Sea History 169 - Winter 2019-2020

Page 56

William A. Irvin

wikipedia commons

a decoy for Prohibition enforcement. President Herbert Hoover took the yacht on fishing trips towards the end of his term, and FDR made it official by formally transferring her to the US Navy and having her commissioned as the presidential yacht USS Sequoia (AG-23) on 25 March 1933. Her career as presidential yacht came to an end when President Carter ordered her sale; she was sold to Thomas Malloy for $286,000 in 1977. In the years since, she had seven owners. In recent years, the vessel was the subject of a years-long legal battle; in his ruling, the judge bemoaned the fact that the former presidential yacht was “sitting on an inadequate cradle on an undersized marine railway in a moribund boatyard on the western shore of the Chesapeake, deteriorating and, lately, home to raccoons.” (Equator Management Associates, LLC, 2101 L Street NW, Suite 400, Washington, DC; ... The museum ship William A. Irvin has returned to her berth in the Minnesota Slip, ready to welcome visitors in the spring. The Great Lakes ore freighter had to be removed in September of 2018 to facilitate the $1.9 million cleanup project to stabilize, cap and contain contaminated sediment in the waters of the Minnesota Slip. The procedure was particularly challenging because the installation of the Minnesota Slip Bridge, built in 1991 to facilitate pedestrian traffic, created an extremely narrow passage, with a total clearance of a

little over 7 inches on either side for the Irvin to pass through. Once clear of the bridge, the Irvin was delivered to Fraser Shipyards of Superior, Wisconsin, where the hull was repaired and painted and more than 200 corroded rivets in the hull were identified and repaired. The project was paid for by a $504,000 grant from the Minnesota Historical Society. William A. Irvin was returned to her home berth on 16 October. Named for 1930s US Steel president William Adolph Irvin, the 610-foot bulk freighter was built in 1938 by the American Ship Building Company of Lorain, OH, for the Pittsburgh Steamship Company, a holding of US Steel. She was the first major bulk freight ship constructed on the Great Lakes following the Great Depression. The ship carried iron ore and coal between ports in Duluth and Two Harbors, MN, and Gary, IN, South Chicago, IL, and various ports in Ohio. As the flagship for the US Steel Great Lakes fleet, she was outfitted with more posh accommodations than most Pleasant Stre freighters. The Irvin was retired in 1978; 20 in 1986 she was renovated and perma-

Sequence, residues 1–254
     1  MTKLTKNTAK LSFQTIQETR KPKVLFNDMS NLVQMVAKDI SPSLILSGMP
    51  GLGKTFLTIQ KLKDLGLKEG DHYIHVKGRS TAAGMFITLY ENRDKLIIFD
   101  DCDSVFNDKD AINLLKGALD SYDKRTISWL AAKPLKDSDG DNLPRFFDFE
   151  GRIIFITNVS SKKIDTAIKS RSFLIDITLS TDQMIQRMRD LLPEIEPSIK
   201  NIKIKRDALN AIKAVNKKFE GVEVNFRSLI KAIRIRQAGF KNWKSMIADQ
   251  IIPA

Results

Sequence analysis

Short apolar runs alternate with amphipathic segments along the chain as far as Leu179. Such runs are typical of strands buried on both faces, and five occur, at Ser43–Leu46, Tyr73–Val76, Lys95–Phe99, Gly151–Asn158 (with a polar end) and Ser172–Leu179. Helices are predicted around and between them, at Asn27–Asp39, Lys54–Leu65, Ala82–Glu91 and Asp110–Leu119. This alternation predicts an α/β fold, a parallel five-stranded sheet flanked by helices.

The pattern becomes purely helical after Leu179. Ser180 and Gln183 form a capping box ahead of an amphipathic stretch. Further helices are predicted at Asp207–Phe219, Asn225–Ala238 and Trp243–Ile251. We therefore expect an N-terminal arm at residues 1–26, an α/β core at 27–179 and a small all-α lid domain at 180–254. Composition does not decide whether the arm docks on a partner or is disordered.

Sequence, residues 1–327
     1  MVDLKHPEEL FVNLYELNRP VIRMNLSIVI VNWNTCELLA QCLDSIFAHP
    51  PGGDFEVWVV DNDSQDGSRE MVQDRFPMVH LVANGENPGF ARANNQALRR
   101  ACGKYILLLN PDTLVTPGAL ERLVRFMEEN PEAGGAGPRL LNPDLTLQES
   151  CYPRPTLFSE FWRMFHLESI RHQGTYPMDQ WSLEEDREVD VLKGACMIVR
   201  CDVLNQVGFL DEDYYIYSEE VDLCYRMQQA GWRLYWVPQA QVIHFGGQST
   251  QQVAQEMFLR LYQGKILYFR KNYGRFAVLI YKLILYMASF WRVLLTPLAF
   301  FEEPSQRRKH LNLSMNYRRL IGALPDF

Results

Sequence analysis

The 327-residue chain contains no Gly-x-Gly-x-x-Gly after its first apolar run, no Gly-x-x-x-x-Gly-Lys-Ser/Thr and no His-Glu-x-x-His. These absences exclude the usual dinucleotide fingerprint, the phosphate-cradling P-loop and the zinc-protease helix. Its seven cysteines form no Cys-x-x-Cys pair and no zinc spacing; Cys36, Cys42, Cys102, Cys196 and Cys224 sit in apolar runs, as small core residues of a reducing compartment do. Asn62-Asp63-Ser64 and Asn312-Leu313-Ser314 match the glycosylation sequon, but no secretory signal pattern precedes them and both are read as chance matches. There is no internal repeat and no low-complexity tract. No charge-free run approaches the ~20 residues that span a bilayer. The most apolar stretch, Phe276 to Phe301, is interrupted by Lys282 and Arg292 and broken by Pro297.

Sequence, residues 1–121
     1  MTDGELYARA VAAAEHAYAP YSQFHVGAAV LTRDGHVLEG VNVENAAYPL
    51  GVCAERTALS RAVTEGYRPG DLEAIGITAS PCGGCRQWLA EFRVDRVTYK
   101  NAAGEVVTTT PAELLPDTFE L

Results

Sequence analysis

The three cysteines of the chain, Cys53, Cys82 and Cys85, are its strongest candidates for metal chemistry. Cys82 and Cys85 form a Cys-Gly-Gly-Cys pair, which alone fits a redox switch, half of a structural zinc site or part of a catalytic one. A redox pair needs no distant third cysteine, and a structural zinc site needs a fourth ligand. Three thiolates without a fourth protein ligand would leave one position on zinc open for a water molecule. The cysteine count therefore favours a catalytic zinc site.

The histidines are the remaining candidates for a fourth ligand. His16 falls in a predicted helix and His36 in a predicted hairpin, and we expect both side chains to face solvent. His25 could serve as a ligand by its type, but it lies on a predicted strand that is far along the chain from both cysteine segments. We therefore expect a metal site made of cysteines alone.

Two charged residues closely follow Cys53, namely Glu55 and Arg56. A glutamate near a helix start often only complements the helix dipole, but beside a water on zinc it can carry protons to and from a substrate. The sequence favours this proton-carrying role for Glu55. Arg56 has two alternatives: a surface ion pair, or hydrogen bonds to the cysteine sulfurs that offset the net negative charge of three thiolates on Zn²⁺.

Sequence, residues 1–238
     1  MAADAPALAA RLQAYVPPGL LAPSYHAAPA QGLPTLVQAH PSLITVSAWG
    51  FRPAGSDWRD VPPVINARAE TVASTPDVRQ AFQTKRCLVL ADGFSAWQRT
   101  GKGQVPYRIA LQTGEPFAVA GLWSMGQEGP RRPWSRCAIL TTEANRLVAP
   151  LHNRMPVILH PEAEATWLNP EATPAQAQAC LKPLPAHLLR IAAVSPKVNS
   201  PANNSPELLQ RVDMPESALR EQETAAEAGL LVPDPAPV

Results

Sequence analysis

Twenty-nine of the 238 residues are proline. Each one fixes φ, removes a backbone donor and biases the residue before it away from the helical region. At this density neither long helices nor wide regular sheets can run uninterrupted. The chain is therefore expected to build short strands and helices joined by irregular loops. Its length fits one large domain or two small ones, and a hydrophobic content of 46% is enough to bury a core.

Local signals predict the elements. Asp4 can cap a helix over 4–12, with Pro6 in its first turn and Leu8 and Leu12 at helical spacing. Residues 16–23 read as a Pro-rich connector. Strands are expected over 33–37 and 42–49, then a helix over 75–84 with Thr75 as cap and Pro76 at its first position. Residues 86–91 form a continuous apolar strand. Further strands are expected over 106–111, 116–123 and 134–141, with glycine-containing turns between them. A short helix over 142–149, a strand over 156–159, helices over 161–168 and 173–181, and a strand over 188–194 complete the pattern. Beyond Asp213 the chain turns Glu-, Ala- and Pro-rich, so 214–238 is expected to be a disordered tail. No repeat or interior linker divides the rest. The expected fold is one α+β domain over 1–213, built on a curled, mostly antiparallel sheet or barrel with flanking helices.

SHIP MODELS Since 1975

Offering an extensive selection of documented, one-of-a-kind ship models by internationally acclaimed marine model artists. CUSTOM MODELS



A MERICAN M ARINE M ODEL G ALLERY P.O. Box 6102 Gloucester, MA 01930


nently moored in the Duluth harbor at the Minnesota Slip, serving as a museum ship for seasonal public tours. She was accepted onto the National Register of Historic Places in 1989. (Duluth Entertainment Convention Center, 350 Harbor Drive, Duluth MN 55802; 218-722-5573; https:// ... The Santa Barbara Maritime Museum recently opened Fishing with Paper and Ink, a new exhibition of prints in the Japanese Gyotaku tradition, featuring works by nature printing artists Eric Hochberg and Dwight Hwang. Dr. Hochberg is a

curator emeritus in the Department of Invertebrate Zoology at the Santa Barbara Museum of Natural History and is one of the leading nature printers in the United States. He has been active in printing since 1968 and has studied and collaborated with printmakers throughout the world. Mr. Hwang’s first exposure to Japanese gyotaku occurred in 2008 at a tackle shop in Tokyo, where the walls were covered with fish prints. Hwang was immediately captivated and began experimenting with the medium. His works have since been shown around the world and published in several books. Mr. Hwang will demonstrate and discuss fish printing at the museum on 20 February 2020. The exhibition is open through March. (113 Harbor Way, Santa Barbara, CA; ... On 7 October the paddlewheel steamer Maid of the Loch fired up her engines for the first time in nearly 40 years. Her Patron, Lord Smith of Kelvin, did the honors, starting the engines for the Loch Lomond Steamship Company (LLSC), the volunteer group that has been restoring the ship, a process SEA HISTORY 169, WINTER 2019–20

Turn static files into dynamic content formats.

Create a flipbook
Issuu converts static files into: digital portfolios, online yearbooks, online catalogs, digital photo albums and more. Sign up and create your flipbook.